Returning to one’s ancestral homeland offers time for reflection, but also reminds us that even these sacred places are often threatened. Read more →
On The Trail to the Swamp
She is alone. Alone, with cats and dogs and fish. The morning is dark. She flicks on a kitchen light switch. She descends to the basement TV room to feed the flitting neon swimmers. She sees that she forgot, the previous night, to turn off the tank light. Her hand taps two shakes of flaked fish food into the lit water. At first, the flakes float upon the surface, and then they descend, slowly, nipped at and disintegrating, to the tank bottom. She climbs back up the stairs. She turns on the hall light. She cleans the litter boxes at the end of the hall, sifting clumps of waste from the grains, bagging them in recycled grocery bags for the trash. She cannot flush the litter-clumped waste without damaging the septic. She turns on the bathroom light. She washes her hands. She turns off the bathroom and hall lights.
She turns on the light in the house entry. She bundles up against the well-below- zero cold, zipping a snow-skirt over jeans, quilted jacket over fleece, scarf over face, boots over feet. She grabs for the retractable leash with the green blinking light that can be activated with a touch. Good to have in case of the unexpected. She calls in the dogs, who have slept outside. The old one goes to an inside pallet in the kitchen. The young one leaps at the leash. The woman does not attach the leash to the young dog’s collar. They are not going to walk on the road. They will walk through the woods to the swamp. She is taking the leash in case she needs it to bring the young dog, who can be distractible, close to her. Sometimes there are moose in the swamp. An annoying dog could get kicked by a moose. Sometimes there are coyotes. Best let them slink away without a fight.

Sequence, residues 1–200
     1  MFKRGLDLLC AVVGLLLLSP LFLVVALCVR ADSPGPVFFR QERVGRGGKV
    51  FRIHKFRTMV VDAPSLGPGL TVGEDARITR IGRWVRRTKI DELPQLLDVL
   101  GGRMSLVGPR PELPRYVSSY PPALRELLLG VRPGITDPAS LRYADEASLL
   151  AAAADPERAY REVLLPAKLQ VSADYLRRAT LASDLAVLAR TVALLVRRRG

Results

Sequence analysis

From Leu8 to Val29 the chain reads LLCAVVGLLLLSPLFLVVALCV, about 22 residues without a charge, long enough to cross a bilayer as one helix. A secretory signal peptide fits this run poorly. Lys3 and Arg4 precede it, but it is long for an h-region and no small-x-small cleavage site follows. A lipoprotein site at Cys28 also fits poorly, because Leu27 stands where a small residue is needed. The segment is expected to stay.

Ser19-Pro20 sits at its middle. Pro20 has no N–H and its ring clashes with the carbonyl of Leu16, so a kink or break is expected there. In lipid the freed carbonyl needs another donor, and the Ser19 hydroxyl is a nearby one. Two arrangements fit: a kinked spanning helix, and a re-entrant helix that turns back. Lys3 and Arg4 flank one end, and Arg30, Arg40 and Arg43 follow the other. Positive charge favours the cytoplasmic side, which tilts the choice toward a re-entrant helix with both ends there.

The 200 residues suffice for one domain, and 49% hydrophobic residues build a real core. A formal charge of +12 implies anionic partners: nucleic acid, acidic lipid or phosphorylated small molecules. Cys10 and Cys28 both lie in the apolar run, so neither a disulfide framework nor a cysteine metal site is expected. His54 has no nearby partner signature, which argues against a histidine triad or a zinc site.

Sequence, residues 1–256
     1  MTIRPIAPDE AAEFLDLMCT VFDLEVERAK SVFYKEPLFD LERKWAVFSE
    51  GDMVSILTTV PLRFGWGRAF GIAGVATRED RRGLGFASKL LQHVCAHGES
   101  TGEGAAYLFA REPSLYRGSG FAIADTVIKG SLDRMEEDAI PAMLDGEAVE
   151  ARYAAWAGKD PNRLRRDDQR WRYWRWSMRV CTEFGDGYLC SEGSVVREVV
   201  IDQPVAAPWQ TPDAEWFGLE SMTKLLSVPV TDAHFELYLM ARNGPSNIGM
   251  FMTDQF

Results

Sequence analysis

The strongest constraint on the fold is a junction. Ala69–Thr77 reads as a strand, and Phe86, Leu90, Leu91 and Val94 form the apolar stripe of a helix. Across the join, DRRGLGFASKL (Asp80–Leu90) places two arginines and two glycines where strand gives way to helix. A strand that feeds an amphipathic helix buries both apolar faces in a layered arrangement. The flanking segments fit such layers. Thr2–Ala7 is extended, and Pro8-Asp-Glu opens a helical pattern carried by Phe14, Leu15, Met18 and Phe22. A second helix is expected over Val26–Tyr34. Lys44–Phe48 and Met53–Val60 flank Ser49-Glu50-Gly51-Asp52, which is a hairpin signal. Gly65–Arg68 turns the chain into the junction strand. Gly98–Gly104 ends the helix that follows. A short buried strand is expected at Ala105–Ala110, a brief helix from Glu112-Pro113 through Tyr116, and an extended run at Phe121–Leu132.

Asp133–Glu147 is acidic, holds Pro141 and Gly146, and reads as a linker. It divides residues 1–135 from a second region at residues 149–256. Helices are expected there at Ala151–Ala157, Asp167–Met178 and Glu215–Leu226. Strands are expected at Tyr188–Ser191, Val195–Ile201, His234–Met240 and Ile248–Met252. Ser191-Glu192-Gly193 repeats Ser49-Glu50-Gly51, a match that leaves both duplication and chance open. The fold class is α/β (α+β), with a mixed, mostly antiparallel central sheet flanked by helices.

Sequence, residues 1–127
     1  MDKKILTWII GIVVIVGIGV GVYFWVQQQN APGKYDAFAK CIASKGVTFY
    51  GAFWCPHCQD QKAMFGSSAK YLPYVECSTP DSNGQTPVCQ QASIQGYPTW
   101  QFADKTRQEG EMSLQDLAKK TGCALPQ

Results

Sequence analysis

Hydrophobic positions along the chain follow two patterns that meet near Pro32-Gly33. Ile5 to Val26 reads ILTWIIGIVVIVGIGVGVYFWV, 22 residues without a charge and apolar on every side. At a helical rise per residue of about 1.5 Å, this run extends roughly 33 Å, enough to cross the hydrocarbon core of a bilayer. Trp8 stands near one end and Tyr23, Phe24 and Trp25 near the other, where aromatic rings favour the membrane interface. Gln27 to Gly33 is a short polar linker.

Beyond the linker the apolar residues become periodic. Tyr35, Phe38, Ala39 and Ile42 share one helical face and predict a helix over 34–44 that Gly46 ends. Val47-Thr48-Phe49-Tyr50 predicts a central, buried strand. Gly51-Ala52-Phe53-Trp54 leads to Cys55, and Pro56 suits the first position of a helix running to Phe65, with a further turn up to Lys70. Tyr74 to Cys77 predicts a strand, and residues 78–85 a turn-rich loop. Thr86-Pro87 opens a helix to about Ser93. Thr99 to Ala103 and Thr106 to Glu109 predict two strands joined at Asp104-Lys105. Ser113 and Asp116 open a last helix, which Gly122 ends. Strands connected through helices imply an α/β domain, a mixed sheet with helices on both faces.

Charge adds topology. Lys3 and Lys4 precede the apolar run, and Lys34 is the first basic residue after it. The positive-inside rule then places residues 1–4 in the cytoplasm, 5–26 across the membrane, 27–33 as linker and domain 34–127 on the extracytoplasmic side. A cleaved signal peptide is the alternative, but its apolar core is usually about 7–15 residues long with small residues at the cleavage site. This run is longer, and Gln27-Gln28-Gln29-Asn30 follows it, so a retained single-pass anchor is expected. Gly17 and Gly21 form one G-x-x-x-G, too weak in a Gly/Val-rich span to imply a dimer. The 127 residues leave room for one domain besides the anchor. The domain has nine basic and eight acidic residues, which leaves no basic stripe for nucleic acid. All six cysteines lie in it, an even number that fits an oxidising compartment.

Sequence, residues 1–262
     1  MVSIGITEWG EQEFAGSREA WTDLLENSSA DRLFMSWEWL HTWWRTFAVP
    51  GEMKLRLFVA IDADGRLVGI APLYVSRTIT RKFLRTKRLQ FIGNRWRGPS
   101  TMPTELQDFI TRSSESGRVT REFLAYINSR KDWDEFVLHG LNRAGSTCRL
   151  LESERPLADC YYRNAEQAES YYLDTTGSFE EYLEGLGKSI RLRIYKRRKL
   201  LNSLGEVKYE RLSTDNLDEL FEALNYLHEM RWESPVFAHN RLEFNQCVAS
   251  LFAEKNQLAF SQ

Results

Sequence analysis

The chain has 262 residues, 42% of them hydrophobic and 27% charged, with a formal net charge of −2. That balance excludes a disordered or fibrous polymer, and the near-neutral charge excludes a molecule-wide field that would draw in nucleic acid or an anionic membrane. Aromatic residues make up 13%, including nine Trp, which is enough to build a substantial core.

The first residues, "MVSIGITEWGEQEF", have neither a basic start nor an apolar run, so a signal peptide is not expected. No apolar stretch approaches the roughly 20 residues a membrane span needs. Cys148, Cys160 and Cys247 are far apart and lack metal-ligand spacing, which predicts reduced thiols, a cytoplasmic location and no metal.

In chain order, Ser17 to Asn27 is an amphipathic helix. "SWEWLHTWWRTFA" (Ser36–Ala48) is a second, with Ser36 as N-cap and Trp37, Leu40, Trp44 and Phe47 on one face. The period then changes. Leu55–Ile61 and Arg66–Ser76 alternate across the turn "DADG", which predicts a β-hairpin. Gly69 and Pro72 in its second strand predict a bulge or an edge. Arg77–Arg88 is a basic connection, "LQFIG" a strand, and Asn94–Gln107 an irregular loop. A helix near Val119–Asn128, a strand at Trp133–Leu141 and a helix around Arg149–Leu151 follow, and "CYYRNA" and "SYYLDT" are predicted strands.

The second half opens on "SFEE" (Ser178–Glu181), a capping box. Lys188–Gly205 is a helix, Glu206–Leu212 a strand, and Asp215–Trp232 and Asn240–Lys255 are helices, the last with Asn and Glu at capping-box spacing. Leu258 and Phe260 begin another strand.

The full moon hovers yet above the ridgeline defining the valley. It is possible to follow the packed trail to the swamp by snow-reflected moonlight. The young dog is exuberant. He bounds ahead and back, forays into the woods, circles her. She keeps a steady pace. They are descending on snow-cover over the icy overflow of a spring, towards the frozen swamp that extends to the frozen river. The young dog comes at her from behind, gives an enthusiastic body-shove at the knees. He is full of playful glee. She goes down. Her head hits the ice with all the force of her falling body. The leash skitters down the slope. Her eyes close. She gasps. Her head hurts. Really hurts. She does not want to rise.
She wants to rest in the snow. Rest in the snow for a long, long time. It would be so easy to disappear here. To just fall asleep in the snow. Her eyes remain closed. She is considering. The young dog is chasing something. Maybe a squirrel. He would have a fine time, with or without her. The cats would scratch their way into a bag of food. Would the fish die before anyone noticed? What about the old dog? Are a tankful of fish and an old dog enough reason to rise from the snow? She breathes. Really? She continues to breathe. It seems so. She sighs. Habits of caring are hard to break. Why can’t she be without care? She rolls herself to her side. Her head throbs. Slowly she brings herself to her knees. She pauses for her dizziness to fade. She rises to her feet. Step by step she moves to retrieve the leash. She calls the young dog. He sits for her, while she attaches the leash, activates its light. He is confused, but obliging. He pulls her back up the path, her weight controlling his instinct to dash, the green leash light beckoning her forth.
Mary Kancewick is an MFA student at the Institute of American Indian Arts, but writes from her home in Alaska. She is of Lithuanian descent and has an ancestral connection to the Indigenous Yakut people of Siberia. She credits this ancestry in drawing her north to Alaska.